There are two more design considerations. During the sixweek period, I am going to enter grades in a matrix beginning in cell B4 and ending in cell Z28. That is a total of 650 cells. I already know that I can only see a portion of my grade book at one time. I can scroll down and to the right, but it will not be long before I scroll my column headings and student names right off the screen. “Let’s see, which column was I using for the 16th homework assignment? What row was Amanda on? Rats! What good are column headings if you have to memorize them?”
I don’t. I will place the pointer in the upper left cell that will contain scores and click on it, making it the active cell. In my example that is cell B4. On the top of the screen is the menu bar. I will click on Format. This will produce a dropdown menu where I will click “Freeze Titles.” This will freeze the headings above and to the left of the location of the active cell. This means that no matter how far I scroll down, the column headings will always be visible; no matter how far I scroll to the right, the student names will always be visible. This way I will not get lost.
The other design consideration concerns column A. This column is not wide enough to display most names without overlapping column B. And as soon as I enter a grade in column B, the name will be truncated. With his first homework score, “George Washington” will become “George Wa.” So, I will increase the column width by clicking on any cell in column A. Then I will move the pointer up to the menu bar, click on File, then click on “Column Width.” In the box that appears I will change the number from 10 to 20, and click the OK button. This is all it takes to change the column width. If the column is still not wide enough for some of the names, I can repeat the steps and change the 20 to something else.
A

B

C

D

E

V

W

X

Y

Z


1

HWORK1

HWORK2

HWORK3

HWORK4

HWORK

Test 1

Test 2

Test 3

Final


2

Student 
9/1/98

9/92/98

9/3/98

9/4/98

Average

9/15/98

9/25/98

10/6/98

Grade


3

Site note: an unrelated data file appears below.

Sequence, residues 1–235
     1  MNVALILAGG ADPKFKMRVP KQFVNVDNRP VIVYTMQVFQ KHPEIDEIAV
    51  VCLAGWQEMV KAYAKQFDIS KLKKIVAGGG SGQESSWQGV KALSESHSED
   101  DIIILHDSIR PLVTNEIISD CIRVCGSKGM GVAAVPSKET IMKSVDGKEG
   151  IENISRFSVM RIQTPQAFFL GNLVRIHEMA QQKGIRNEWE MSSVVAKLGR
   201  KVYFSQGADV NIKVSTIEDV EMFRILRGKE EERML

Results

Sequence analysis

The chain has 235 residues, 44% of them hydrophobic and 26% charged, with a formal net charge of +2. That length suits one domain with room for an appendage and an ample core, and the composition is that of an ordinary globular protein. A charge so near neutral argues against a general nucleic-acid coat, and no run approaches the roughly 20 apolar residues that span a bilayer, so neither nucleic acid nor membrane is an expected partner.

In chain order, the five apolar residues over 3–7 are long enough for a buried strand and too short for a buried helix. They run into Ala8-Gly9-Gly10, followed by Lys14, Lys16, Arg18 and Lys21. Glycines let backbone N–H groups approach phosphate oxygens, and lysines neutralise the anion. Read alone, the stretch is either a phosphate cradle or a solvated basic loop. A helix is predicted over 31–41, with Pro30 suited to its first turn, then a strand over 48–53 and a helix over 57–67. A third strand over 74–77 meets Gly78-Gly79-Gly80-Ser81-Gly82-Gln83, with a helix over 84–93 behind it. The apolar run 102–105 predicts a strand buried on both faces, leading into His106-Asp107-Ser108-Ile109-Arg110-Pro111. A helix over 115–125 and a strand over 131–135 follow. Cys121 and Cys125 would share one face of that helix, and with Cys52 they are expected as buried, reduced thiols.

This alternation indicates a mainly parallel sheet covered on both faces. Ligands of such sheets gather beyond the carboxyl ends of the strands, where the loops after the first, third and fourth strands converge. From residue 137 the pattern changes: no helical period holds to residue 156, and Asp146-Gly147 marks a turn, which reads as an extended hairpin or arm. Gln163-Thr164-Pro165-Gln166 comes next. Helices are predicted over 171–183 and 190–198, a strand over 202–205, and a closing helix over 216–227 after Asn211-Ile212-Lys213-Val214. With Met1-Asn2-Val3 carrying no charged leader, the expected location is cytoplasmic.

4

George Washington 
95 
88 
98 
88 
94 
88 
91 


5

Student name 
88 
95 
88 
95 
90

92 
91 


6

Student name 
92 
88 
95 
88 
92 
78 
85 


7

Student name 
78 
92 
88 
92 
83 
93 
88 


8

Student name 
93 
78 
92 
78 
90 
87 
89 


9

Student name 
87 
93 
78 
93 
88 
77 
82 


10

Student name 
77 
87 
93 
87 
82 
84 
83 


11

Student name 
84 
77 
87 
77 
83 
91 
87 

Now that the design is complete, all that remains to do is to enter the names and record the grades (in the correct cells, of course!). I will save these latest changes.
When my matrix is full at the end of the six weeks, my final grades will be calculated for me. I can change a grade at any time and be confident that the final grade will accurately reflect it.
There are many more things I can do to make my grade book better – insert rows and columns, round figures, shade rows, etc. But for now the bare bones design is enough to get anyone started. Look around at the other features sometime. Explore the menu bar. Try using the Help menu. Just remember to save often.
Charles Cavazos is a computer specialist in the IDRA Division of Research and Evaluation. Comments and questions may be sent to him via email at feedback@idra.org.
[©1998, IDRA. This article originally appeared in the August 1998 IDRA Newsletter by the Intercultural Development Research Association. Permission to reproduce this article is granted provided the article is reprinted in its entirety and proper credit is given to IDRA and the author.]